You could think of the kernel as a server that answers requests; these requests can come either from a process running on a CPU or an external device issuing an interrupt request. We make this analogy to underscore that parts of the kernel are not run serially but in an interleaved way. Thus, they can give rise to race conditions, which must be controlled through proper synchronization techniques. A general introduction to these topics can be found in Section 1.6 in Chapter 1.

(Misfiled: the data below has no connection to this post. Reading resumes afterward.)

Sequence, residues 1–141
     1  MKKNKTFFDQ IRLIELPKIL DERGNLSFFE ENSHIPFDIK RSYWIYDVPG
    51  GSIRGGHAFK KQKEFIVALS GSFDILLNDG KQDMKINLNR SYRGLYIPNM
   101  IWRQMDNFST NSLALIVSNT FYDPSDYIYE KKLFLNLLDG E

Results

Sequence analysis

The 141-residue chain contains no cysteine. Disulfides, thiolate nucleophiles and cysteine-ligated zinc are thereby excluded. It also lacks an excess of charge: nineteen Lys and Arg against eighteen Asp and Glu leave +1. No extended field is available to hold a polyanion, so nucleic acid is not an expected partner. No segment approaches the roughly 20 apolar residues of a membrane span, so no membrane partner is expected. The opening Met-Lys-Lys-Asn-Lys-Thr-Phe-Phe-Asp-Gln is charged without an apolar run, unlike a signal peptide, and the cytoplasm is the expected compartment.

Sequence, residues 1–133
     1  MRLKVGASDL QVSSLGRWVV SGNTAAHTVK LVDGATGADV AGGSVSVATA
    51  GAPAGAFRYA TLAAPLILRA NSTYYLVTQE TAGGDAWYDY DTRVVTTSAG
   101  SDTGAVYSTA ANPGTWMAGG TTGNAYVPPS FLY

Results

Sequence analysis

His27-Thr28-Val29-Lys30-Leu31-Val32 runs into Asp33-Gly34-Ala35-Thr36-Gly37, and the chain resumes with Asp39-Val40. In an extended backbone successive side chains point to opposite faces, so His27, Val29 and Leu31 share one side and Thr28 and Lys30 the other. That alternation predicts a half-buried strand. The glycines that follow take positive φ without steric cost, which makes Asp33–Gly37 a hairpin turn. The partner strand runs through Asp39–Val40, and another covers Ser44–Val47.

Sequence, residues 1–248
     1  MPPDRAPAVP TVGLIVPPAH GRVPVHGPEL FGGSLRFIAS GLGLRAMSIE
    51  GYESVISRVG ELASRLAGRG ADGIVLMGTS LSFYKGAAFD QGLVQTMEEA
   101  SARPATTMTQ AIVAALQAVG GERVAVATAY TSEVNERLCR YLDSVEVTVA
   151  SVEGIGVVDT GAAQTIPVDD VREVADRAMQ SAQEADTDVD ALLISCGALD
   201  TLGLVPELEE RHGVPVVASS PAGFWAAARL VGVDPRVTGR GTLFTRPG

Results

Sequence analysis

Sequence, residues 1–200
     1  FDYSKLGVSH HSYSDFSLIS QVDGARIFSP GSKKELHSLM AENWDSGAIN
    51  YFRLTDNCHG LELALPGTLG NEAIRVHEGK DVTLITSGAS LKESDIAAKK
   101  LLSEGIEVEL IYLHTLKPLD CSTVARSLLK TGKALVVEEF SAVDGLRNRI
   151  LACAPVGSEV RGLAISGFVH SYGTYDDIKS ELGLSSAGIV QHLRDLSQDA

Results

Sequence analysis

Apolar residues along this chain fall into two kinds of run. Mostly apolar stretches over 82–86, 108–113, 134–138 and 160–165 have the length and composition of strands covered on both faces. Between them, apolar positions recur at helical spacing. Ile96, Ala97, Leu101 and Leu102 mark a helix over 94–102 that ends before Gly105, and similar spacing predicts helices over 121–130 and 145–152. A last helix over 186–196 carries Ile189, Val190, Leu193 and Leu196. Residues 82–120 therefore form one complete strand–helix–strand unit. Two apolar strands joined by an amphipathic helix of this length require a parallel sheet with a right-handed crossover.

We start this chapter by reviewing when, and to what extent, kernel requests are executed in an interleaved fashion. We then introduce four basic synchronization techniques implemented by the kernel and illustrate how they are applied by means of examples.
The next two sections deal with the extension of the Linux kernel to multiprocessor architectures. The first describes some hardware features of the Symmetric Multiprocessor (SMP) architecture, while the second discusses additional mutual exclusion techniques adopted by the SMP version of the Linux kernel.